Fraser Forum

History of government difficulty in writing cheques to Canadians

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History of government difficulty in writing cheques to Canadians

In response to COVID-19, there have been calls for governments to quickly get money into the hands of Canadians to help stabilize incomes and thus the economy. The idea of sending cheques to people may seem like a relatively straightforward task, but Canada’s history shows it can be much more difficult than expected. Indeed, the federal government has a history of problems with designing, executing and administering cash transfer programs.

The Fraser Institute has published two comprehensive studies examining reports by the federal auditor general (AG)—2007 and 2013—covering the years 1988 to 2013. In total, 614 reports by the AG were reviewed, and a number illustrate the practical difficulties the federal government has experienced issuing cheques.

A quick survey of the reports shows critical evaluations by the AG on the design, implementation and/or administration of the following programs that involve transferring cash (i.e. writing cheques) to both individuals and businesses: Agricultural Stabilization Board (1988, 1990), Newfoundland Offshore Development Fund (1988), Employment Insurance (1989, 1994, 2000, and 2013), Northern Cod Adjustment and Recovery Program (1993), Business Assistance Programs (1988, 1990, 1991, 1995, and 2000), Income Support for Seniors (1991, 1993, and 2006), Regional Economic Development Programs (1988, 1995), Income Support Tax Credits (1996, 2001), Heating Expense Relief (2001), Foreign Aid (1988, 1993, 2005, and 2009), Western Grain Stabilization Program (1991), Jobs Creation Program (1992), Small Business Loan Guarantees (2002), and the Canadian Agricultural Income Stabilization (2007).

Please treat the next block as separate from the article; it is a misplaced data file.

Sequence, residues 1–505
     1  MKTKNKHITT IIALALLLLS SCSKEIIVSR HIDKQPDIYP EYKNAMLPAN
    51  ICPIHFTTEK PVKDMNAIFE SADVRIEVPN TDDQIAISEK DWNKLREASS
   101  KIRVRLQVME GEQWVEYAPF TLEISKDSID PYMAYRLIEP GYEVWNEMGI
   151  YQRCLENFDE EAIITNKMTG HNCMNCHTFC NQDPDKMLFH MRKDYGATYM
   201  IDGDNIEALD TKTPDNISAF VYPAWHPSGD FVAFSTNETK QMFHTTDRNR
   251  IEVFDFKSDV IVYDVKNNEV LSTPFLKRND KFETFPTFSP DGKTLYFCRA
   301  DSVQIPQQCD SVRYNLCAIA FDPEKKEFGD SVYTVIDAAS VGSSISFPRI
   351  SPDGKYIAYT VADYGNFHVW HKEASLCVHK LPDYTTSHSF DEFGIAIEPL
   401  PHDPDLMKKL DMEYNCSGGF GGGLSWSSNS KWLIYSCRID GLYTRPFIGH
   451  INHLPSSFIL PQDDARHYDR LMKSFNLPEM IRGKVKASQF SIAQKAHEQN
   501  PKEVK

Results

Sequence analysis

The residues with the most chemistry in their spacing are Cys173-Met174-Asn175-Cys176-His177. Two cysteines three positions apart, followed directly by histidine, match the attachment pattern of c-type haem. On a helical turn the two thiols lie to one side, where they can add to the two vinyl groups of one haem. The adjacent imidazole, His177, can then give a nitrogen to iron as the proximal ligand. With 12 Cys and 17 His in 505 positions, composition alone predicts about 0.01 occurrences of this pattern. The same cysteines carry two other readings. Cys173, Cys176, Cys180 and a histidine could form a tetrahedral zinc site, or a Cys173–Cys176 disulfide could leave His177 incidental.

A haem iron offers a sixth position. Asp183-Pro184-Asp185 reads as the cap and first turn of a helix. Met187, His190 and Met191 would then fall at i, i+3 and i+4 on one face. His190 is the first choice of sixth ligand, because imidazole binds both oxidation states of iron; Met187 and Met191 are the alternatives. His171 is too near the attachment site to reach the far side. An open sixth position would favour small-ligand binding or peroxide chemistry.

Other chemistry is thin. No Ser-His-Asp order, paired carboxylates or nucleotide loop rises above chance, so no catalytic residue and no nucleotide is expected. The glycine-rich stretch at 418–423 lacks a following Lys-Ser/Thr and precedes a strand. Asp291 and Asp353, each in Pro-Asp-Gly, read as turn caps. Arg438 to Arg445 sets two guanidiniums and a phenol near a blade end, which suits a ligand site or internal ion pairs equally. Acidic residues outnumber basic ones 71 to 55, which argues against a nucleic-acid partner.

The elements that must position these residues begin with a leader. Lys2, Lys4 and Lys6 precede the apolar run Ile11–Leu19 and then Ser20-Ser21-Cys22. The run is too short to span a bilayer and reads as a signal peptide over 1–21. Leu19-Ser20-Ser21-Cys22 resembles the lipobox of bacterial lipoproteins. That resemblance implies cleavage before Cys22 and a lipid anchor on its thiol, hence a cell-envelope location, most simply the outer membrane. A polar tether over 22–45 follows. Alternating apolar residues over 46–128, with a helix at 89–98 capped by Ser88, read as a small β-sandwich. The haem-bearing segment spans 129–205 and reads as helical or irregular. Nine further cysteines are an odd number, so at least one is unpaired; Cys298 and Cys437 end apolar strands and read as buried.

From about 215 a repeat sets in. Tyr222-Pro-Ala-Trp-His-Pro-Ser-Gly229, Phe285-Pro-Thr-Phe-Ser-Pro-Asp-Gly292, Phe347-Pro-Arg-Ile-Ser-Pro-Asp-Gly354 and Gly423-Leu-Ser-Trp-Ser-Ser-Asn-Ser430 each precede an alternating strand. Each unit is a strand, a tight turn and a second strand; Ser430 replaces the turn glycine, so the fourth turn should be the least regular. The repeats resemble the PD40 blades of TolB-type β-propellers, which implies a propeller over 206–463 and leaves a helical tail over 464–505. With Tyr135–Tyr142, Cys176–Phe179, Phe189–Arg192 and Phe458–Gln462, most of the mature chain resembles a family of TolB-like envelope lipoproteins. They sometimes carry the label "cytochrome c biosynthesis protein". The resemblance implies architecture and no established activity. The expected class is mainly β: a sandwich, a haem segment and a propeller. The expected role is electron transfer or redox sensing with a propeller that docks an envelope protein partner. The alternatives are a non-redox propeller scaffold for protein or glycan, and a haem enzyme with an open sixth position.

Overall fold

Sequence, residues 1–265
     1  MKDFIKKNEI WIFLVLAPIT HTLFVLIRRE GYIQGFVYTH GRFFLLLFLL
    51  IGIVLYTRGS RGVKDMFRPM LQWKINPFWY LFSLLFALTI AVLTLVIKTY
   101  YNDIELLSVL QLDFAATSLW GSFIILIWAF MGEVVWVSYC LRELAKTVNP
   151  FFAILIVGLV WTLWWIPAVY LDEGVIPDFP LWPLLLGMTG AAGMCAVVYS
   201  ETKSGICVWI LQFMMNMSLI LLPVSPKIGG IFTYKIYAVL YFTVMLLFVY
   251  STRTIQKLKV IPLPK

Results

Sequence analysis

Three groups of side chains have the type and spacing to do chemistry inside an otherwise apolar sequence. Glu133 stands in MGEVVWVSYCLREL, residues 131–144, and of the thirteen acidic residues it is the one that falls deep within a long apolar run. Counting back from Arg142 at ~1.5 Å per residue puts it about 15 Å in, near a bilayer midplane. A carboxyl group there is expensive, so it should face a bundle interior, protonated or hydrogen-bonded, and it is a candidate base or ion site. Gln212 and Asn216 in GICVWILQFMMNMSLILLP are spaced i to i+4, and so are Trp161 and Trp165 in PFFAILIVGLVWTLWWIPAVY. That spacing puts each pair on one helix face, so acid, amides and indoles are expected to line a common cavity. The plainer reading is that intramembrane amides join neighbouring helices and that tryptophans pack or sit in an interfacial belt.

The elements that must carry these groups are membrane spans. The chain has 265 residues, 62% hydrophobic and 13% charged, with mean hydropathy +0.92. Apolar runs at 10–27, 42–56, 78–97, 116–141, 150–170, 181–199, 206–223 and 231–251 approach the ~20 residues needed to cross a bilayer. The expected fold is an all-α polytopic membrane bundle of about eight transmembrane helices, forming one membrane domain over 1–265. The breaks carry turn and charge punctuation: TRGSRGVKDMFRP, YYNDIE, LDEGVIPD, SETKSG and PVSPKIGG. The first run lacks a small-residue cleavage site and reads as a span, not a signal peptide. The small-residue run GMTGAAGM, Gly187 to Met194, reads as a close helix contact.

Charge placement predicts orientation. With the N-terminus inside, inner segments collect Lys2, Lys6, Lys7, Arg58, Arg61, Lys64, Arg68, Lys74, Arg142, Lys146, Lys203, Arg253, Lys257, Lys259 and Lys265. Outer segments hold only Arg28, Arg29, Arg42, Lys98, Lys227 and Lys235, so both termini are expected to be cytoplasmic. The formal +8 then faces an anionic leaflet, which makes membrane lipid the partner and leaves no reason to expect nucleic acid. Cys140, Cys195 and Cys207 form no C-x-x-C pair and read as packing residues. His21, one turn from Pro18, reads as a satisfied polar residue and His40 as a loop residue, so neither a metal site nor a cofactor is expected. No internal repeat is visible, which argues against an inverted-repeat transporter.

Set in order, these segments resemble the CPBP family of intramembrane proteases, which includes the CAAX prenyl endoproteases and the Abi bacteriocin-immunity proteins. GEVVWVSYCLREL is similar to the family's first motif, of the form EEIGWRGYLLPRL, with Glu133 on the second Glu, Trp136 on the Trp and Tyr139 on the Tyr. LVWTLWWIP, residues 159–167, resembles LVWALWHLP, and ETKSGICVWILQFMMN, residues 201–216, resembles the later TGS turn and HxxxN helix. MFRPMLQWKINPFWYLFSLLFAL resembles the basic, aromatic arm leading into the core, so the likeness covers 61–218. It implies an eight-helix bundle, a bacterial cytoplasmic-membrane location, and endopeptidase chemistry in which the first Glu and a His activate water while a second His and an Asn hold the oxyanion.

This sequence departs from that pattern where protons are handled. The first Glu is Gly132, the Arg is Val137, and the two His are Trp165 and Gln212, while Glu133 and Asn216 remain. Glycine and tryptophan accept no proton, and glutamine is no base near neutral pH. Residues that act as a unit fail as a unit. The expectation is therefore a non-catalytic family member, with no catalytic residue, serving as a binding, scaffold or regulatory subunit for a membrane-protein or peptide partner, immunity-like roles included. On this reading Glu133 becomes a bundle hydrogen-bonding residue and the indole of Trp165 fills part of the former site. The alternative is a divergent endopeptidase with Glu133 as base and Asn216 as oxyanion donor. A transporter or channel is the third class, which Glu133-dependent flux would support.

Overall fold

And remember, these are only the programs selected by the AG for review between 1988 and 2013.

The reviews of the social insurance number (SIN) system, which underpins much of the income transfer system in Canada is particularly interesting. The evaluation in 1998 raised enormous concerns about the integrity of the SIN system and its vulnerability to fraud. For instance, the AG noted that there were 3.8 million more SINs for Canadians 20 years and older than actual people in that age group; there were 100 times as many active SINs for those over the age of 100 as living Canadians over that age; and that over 50 per cent of SINs had no supporting documentation.

A follow-up report was completed in 2002 that noted many problems had persisted. The AG concluded there were five million more SINs for people over the age of 20 than there were Canadians of those ages and that since 1998 more than half of all SINs were not properly verified with the applicant’s identity and citizenship status. A subsequent report in 2007 concluded that progress on previously identified problems with the SIN system was “unsatisfactory,” largely because outstanding issues of concern had not been resolved.

The AG reports also include specific program evaluations that are enlightening. For instance, the AG reviewed the government’s heating relief program in 2001. The program was intended to provide money to low and modest income households impacted by an increase in heating costs. Seems straightforward but the AG’s report found at least 40 per cent of recipients were not low-income or did not incur increased heating costs, approximately 90,000 Canadians in need of assistance received no relief due to a technicality in eligibility, and between 25 per cent to 35 per cent of individuals received money despite having heating included in their rent or heating with electricity. The report also found that at least 4,000 taxpayers not living in Canada received money, up to 1,600 prisoners may have received money and at least 7,500 deceased people received payments.

Similarly, the AG has several times evaluated Old Age Security (OAS) and the Guaranteed Income Supplement (GIS), which together represent the largest single federal program. Reviews in 1991 and 1993, for instance, showed material overpayments of OAS benefits. A follow up report in 2006 found continued deficiencies in up to 40 per cent of cases and payment errors in up to 7 per cent of cases.

The government is rightly working to stabilize incomes given the nature of the current recession. However, there are practical realities and limitations related to the way in which governments operate compared to private for-profit and non-profit organizations, which affects its ability to effectively execute seemingly simple tasks such as writing cheques.

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